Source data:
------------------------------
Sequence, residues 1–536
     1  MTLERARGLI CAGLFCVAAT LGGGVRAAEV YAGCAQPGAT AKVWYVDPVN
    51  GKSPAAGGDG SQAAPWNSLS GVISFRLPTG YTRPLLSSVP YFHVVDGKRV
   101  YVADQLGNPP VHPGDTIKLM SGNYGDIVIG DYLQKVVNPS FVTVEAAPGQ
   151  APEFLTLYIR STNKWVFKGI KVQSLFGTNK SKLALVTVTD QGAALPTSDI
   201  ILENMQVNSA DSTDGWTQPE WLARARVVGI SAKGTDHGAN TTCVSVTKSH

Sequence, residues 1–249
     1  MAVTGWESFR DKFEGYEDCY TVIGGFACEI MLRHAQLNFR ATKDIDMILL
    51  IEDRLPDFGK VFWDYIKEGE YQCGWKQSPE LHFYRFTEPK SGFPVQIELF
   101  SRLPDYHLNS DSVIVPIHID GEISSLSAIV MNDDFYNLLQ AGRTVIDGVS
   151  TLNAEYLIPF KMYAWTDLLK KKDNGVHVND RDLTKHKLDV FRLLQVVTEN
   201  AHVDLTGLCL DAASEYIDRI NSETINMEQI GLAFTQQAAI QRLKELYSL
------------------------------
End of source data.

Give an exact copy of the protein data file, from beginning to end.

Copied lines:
Sequence, residues 1–536
     1  MTLERARGLI CAGLFCVAAT LGGGVRAAEV YAGCAQPGAT AKVWYVDPVN
    51  GKSPAAGGDG SQAAPWNSLS GVISFRLPTG YTRPLLSSVP YFHVVDGKRV
   101  YVADQLGNPP VHPGDTIKLM SGNYGDIVIG DYLQKVVNPS FVTVEAAPGQ
   151  APEFLTLYIR STNKWVFKGI KVQSLFGTNK SKLALVTVTD QGAALPTSDI
   201  ILENMQVNSA DSTDGWTQPE WLARARVVGI SAKGTDHGAN TTCVSVTKSH

Sequence, residues 1–249
     1  MAVTGWESFR DKFEGYEDCY TVIGGFACEI MLRHAQLNFR ATKDIDMILL
    51  IEDRLPDFGK VFWDYIKEGE YQCGWKQSPE LHFYRFTEPK SGFPVQIELF
   101  SRLPDYHLNS DSVIVPIHID GEISSLSAIV MNDDFYNLLQ AGRTVIDGVS
   151  TLNAEYLIPF KMYAWTDLLK KKDNGVHVND RDLTKHKLDV FRLLQVVTEN
   201  AHVDLTGLCL DAASEYIDRI NSETINMEQI GLAFTQQAAI QRLKELYSL